We never did finish that card game. Shortly after that hushed conversation, my mother told Shaun that he may want to leave for awhile. He, also absorbed in the game, took a few minutes to realize what that meant. Labor had started without me; the expected pain still hadn't hit me. [A side note, Shaun didn't meet his niece until three days later.]
The doctor gave me something to help me sleep and I entered a bizarre cycle of snoring then waking up for each contraction. I don't remember much but my mother said it was hilarious. Once I had dilated sufficiently, they switched me from the hospital bed to a birthing stool to let gravity help with the process. Shortly after that, the baby slid out followed by placenta and childbirth had ended. I remember saying That's it? I'm done? because the pain still hadn't reached my expectation. The nursing staff seemed surprised and amused that I found childbirth almost anticlimactic.
Six hours after labor started, I held my perfect baby. Honestly, my first impression of my daughter was less than flattering. She looked like an eggplant. Her was head squished up, her face purple from yelling. She had little tufts of hair on her ears like an elf or a troll. Today, my little eggplant turns thirteen. She finds these descriptions of her newborn self funny. She jokes that she got to pick her birthdate, not the doctor.
The second time around, I knew what to expect so it went even easier. I went in with a git'r'done attitude. Three hours later, I held my second child.
My purpose in sharing these stories is not to brag or to irritate those who had difficulties in childbirth but to reassure those who are being told the same horror stories I was. It seems that those with a bad experience share the loudest, scaring women who are going through this for the first time. A woman's body is made to reproduce. Some have an easy time, some do not. To the best of my knowledge, having a difficult labor is NOT a genetic trait that gets passed on from your mother. Childbirth should be a time of joy, not fear.
What is your birth story?
by Pallas Hutchison
Massage school gave me an education on pregnancy that personal experience couldn't provide. My own experiences with pregnancy were mildly uncomfortable. Towards the end of my nine-month sentence, I felt gigantic and couldn't see my feet. My back ached from the extra weight and my boobs leaked constantly. My job, as a massage therapist, is to relieve those discomforts for other expecting mothers. I am very good at my job.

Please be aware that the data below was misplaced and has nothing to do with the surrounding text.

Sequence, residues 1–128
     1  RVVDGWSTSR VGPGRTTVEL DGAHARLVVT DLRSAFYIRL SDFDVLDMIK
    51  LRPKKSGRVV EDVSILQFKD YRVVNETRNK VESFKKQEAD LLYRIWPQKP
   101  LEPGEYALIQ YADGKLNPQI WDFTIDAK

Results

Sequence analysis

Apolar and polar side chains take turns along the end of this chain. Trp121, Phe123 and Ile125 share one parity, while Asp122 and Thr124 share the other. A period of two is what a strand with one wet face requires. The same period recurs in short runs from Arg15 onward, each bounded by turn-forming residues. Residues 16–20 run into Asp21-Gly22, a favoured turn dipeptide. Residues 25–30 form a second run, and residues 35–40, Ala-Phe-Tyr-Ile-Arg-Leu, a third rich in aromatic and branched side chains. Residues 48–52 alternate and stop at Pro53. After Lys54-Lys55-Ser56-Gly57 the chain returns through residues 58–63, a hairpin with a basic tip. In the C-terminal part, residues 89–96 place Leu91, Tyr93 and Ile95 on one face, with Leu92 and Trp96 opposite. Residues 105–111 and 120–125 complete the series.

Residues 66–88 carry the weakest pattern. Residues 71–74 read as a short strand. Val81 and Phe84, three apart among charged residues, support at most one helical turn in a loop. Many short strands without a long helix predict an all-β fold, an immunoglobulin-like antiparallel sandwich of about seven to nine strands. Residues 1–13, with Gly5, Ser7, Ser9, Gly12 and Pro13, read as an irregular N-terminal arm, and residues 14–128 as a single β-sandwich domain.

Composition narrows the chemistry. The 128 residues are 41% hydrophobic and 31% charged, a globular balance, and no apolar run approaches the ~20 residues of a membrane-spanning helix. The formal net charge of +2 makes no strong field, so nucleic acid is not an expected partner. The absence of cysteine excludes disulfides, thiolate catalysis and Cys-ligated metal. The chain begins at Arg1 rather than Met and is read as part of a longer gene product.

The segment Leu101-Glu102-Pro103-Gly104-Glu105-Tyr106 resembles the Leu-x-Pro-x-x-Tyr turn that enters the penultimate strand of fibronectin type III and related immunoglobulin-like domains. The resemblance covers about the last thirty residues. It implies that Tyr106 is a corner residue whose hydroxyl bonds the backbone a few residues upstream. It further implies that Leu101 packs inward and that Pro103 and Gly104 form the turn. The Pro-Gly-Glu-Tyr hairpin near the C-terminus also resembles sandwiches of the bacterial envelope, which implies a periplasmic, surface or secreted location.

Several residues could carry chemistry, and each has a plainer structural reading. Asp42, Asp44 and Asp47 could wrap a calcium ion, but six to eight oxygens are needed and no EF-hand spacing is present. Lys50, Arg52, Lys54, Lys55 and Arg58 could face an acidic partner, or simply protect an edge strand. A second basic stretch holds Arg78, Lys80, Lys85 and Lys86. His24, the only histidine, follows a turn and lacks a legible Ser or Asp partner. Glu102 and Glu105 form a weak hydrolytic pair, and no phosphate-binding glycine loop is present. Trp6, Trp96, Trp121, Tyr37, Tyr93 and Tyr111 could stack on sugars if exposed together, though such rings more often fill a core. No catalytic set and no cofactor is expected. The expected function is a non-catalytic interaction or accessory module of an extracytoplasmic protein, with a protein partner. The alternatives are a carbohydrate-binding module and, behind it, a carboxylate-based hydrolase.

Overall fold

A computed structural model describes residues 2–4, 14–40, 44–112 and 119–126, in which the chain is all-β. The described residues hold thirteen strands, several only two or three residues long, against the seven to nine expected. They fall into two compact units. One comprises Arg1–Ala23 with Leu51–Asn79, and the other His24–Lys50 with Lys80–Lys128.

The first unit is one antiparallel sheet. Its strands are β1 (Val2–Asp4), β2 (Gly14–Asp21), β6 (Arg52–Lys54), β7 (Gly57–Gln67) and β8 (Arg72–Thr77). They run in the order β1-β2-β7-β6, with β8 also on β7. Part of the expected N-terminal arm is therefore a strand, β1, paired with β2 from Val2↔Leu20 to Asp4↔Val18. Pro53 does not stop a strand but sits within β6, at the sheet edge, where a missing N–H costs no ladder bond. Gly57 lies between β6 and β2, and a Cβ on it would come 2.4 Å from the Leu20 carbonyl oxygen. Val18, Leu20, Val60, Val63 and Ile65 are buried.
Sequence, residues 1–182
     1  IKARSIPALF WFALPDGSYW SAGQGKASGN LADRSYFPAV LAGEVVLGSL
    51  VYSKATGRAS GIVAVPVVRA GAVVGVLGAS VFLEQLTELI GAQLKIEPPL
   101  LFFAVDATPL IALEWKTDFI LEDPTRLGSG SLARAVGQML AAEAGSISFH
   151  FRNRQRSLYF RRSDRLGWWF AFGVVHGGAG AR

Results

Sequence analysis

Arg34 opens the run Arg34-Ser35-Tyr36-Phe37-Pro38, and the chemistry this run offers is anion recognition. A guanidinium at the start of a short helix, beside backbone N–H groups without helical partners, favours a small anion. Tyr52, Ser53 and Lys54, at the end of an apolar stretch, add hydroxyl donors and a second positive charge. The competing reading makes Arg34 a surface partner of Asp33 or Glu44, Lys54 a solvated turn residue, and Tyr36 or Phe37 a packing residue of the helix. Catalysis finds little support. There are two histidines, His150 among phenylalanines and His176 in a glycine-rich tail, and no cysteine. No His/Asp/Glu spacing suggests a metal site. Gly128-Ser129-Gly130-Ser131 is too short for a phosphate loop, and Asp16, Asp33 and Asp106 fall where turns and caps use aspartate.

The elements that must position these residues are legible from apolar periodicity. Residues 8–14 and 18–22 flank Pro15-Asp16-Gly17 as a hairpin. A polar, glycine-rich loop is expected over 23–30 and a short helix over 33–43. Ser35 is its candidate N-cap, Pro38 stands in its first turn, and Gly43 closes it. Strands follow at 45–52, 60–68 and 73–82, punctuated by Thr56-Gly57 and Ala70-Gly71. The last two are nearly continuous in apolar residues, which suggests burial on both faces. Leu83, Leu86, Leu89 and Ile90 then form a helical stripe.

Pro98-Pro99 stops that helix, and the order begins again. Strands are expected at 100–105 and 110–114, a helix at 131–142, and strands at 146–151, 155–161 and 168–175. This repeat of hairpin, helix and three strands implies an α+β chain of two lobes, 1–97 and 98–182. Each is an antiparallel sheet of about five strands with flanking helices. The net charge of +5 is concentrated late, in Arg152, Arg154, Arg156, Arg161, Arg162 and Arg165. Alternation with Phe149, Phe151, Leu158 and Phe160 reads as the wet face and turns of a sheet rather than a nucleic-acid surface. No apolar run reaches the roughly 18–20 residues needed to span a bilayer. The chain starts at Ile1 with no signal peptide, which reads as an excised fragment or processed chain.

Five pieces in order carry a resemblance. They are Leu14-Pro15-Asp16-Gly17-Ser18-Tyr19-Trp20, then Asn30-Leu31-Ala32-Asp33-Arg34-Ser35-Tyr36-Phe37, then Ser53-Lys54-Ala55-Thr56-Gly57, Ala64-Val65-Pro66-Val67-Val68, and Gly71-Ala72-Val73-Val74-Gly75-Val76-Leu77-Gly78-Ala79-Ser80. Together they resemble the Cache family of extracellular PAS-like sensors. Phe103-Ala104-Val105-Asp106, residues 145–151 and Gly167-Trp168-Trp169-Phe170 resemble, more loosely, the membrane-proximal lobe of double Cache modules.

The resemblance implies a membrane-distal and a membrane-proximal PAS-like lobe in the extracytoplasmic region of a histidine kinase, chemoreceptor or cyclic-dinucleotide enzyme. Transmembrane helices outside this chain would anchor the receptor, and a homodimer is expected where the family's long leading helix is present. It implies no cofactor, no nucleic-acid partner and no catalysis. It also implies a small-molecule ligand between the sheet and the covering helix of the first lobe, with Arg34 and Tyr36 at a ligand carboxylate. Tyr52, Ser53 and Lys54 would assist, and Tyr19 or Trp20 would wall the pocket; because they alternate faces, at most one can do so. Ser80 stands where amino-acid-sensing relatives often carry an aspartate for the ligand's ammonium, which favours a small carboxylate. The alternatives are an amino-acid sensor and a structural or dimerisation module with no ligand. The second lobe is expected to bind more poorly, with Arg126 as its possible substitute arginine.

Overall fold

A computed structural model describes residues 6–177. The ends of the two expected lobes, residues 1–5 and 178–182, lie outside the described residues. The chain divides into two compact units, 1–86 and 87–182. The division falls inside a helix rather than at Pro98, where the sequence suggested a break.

One thing I do during a pregnancy massage stands out. Because I don't have the expensive body pillow system, the pregnancy massages I provide are, by necessity, sidelying. Halfway through the massage, they need to turn over so that I can massage the other side of their body. It's the turning process itself that makes a huge difference to the majority of my pregnant clients. I ask them to turn under, not over.
The natural inclination to roll over in bed is to turn over, keeping your chest facing the ceiling. This has you fighting gravity to heft the baby belly and puts strain on the lower back, one of the common areas of complaint for pregnant women. Instead, let the weight of the baby fall towards the bed, go to all fours, then roll to the opposite side.
As part of every pregnancy massage, I explain this process and assist my clients as they awkwardly go through this motion for the first time. Then, as they settle themselves for the second half of their massage, a look of astonishment crosses their face. They just successfully rolled over without hurting themselves. With one small trick, life just got easier.
Do you have a pregnancy tip you wish you had known sooner? Comment below to share!
by Pallas Hutchison
If you don’t have kids, I’d like to tell you that parenting is scary. I’m constantly second-guessing myself and comparing myself to other moms. Am I pushing the girls too hard in school? Am I over-scheduling or under-scheduling their week? Where are they developmentally and where are they supposed to be? What high school will provide them with the best education? How will I pay for college? Do they get enough social time, media time, homework time, exercise, one-on-one time…? The list goes on.
People who know me may be surprised by this. I get compliments on how well behaved my kids are all the time. Teachers gush over how helpful and kind they are. Friends who aren’t ‘kid people’ don’t mind babysitting. Acquaintances that we run into in public, like the waitress at our favorite restaurant, comment on how polite they are. My youngest actually received the “Good Citizenship Award” at her third grade graduation, an award that goes to one kid who displays exceptional helpfulness and kindness throughout their entire time in the school – in her case, K-3. That says something, right?
Positive reinforcement from all of these sources doesn’t stop me from stressing out. It takes a conscious effort to prevent somatization, which basically means that mental or emotional stress manifests itself as a physical symptom. For me, emotional stress settles in my shoulders and neck, making me stiff, sore and irritable. This in turns can inhibit my physical activities, which increases irritability, causing more pain and now there is a downward spiral. [The next blog will talk more about the pain cycle, with links to research.]
To live without pain, the cycle needs to break. To break the cycle, something needs to change. Accepting that I can’t change overnight is the first step. I won’t succeed if I expect instant results, basically setting myself up for failure. By setting realistic goals, I begin to reduce stress. With a goal in mind, my outlook becomes hopeful and I further remove myself from the pain cycle.
Things I’m actively working on to reduce my child-rearing stress:
Pain Cycle Image
Pricing current as of Jan 1, 2021 ; subject to change without notice.